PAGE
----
• Round and round the wheel on the Marlins bullpen goes, where it stops, nobody (expect Ozzie Guillen) knows. Steve Cishek wrapped up the save on Saturday, confirming Guillen’s comments that Miami was going to a committee bullpen. Cishek has a solid-enough 2.08 ERA, but thanks to deflated BABIP (0.274) and HR/FB% (9.4%) his xFIP is a bit higher at 3.81. Cishek has outperformed his xFIP all three years in the bigs, however, so keeping the HR/FB% down might be a more sustainable skill for him than other pitchers (especially since he’s in the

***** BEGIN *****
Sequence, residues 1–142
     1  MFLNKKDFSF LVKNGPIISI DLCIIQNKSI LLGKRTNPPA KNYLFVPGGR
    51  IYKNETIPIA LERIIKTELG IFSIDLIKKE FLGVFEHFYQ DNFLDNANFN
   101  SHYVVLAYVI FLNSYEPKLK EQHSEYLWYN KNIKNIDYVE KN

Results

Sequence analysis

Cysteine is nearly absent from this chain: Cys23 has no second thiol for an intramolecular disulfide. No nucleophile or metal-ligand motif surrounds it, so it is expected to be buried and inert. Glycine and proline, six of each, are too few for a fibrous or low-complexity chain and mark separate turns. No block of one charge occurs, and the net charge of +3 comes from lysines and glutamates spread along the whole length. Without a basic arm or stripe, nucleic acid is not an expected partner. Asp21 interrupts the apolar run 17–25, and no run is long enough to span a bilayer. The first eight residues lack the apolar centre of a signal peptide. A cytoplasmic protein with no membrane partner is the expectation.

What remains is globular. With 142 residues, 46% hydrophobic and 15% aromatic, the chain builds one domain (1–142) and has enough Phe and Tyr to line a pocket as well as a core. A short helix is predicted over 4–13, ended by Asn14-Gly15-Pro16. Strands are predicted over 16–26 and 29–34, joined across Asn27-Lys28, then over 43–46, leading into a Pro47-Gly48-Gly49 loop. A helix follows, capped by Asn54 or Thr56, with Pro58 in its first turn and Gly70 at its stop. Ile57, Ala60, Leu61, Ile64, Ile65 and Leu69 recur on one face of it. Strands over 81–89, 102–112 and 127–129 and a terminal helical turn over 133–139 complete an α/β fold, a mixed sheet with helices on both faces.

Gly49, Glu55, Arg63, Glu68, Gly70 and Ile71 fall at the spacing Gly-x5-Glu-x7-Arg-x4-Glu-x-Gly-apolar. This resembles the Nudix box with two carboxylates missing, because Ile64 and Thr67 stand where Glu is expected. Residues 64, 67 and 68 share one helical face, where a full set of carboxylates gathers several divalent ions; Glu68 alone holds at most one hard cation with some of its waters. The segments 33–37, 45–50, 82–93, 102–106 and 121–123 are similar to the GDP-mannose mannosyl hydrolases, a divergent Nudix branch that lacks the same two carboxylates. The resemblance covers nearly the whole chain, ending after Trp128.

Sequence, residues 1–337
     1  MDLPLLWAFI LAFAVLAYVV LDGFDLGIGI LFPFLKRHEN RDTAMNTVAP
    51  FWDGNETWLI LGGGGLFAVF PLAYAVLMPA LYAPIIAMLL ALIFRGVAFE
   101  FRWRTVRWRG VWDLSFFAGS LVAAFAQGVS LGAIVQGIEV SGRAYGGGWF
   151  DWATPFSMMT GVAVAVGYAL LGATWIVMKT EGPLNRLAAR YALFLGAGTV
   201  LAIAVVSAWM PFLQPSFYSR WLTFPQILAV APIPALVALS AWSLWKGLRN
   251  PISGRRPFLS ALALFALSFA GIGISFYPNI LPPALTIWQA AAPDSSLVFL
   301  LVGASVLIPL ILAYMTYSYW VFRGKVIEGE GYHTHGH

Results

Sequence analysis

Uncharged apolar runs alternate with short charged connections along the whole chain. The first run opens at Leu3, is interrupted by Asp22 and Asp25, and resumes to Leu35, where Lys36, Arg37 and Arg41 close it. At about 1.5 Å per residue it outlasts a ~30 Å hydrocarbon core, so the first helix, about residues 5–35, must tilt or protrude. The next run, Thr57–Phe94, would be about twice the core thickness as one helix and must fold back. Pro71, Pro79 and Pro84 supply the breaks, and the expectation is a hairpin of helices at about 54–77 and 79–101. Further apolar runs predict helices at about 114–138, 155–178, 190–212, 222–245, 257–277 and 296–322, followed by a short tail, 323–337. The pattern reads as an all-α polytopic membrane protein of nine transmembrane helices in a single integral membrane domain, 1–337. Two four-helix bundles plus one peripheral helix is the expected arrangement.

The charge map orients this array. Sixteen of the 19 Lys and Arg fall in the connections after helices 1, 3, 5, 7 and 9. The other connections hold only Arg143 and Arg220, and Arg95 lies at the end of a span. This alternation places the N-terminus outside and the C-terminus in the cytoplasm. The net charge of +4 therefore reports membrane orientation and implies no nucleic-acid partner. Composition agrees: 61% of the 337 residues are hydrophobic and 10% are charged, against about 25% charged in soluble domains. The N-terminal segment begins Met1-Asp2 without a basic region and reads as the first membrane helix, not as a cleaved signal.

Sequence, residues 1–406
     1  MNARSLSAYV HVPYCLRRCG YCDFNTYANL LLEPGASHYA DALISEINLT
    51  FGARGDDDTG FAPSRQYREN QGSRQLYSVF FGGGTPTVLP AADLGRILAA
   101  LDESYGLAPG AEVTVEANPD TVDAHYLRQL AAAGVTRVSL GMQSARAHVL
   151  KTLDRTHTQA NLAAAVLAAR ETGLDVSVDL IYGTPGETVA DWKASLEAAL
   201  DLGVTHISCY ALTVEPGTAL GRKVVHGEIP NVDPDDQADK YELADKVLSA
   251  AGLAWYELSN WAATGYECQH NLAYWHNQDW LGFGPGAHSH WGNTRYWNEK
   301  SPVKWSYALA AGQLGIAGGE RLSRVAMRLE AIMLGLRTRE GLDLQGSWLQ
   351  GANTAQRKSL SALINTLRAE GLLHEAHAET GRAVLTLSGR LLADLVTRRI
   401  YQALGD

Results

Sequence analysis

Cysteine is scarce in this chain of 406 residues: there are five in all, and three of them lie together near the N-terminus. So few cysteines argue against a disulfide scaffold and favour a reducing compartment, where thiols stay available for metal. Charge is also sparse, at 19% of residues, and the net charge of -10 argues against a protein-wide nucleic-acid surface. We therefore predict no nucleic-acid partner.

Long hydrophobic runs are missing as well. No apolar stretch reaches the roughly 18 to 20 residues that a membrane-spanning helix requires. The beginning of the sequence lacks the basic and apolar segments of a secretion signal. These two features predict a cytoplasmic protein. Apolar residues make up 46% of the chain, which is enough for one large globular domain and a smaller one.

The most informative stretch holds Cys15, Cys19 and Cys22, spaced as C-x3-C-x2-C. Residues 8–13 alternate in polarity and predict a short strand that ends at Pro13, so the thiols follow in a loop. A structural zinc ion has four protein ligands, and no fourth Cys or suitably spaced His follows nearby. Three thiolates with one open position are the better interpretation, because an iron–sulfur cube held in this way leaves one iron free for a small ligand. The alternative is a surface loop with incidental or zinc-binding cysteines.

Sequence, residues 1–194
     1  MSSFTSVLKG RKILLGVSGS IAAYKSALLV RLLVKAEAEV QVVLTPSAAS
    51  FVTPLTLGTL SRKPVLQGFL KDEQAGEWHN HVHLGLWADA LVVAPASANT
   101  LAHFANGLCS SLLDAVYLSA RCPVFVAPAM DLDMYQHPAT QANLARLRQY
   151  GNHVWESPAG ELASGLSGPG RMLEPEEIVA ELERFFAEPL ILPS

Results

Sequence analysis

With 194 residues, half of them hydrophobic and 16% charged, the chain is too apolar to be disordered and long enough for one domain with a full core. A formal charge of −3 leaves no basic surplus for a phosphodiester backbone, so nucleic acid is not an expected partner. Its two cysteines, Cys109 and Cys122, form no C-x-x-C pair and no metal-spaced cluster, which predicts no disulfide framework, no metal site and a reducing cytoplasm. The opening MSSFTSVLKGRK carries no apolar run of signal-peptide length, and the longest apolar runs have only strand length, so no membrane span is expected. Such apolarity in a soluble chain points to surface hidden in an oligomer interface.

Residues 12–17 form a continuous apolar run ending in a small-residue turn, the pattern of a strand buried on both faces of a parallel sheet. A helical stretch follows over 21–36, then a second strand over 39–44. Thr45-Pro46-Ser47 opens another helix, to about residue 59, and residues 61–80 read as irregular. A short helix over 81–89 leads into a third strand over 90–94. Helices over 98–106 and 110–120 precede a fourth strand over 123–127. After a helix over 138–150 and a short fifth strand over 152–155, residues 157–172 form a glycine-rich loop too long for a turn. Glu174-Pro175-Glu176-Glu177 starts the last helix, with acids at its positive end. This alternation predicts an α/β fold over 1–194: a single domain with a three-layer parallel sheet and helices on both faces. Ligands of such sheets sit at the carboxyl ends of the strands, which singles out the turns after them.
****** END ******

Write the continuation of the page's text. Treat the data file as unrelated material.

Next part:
carnivorous cavernous Marlins Park). Cishek’s biggest problem is his platoon splits; he’s been death to righties (0.244 wOBA) but has been far worse against lefties (0.354 wOBA). Assuming Guillen rides the hot hand, it’ll be interesting if Cishek runs into some left-handed pinch hitters his next time out — it seems like something easily exploitable (which also might be countered by a lefty partner like Randy Choate). Meanwhile, dark horse closer candidate Juan Oviedo (the reliever formerly known as Leo Nunez), who has been listed in the closer grid as “injured” even though he was on the most fake of all rehab assignments, is now actually hurt, having left his last minor league appearance with elbow troubles. No additional word as to the severity but he now seems unlikely to be in the mix anytime soon.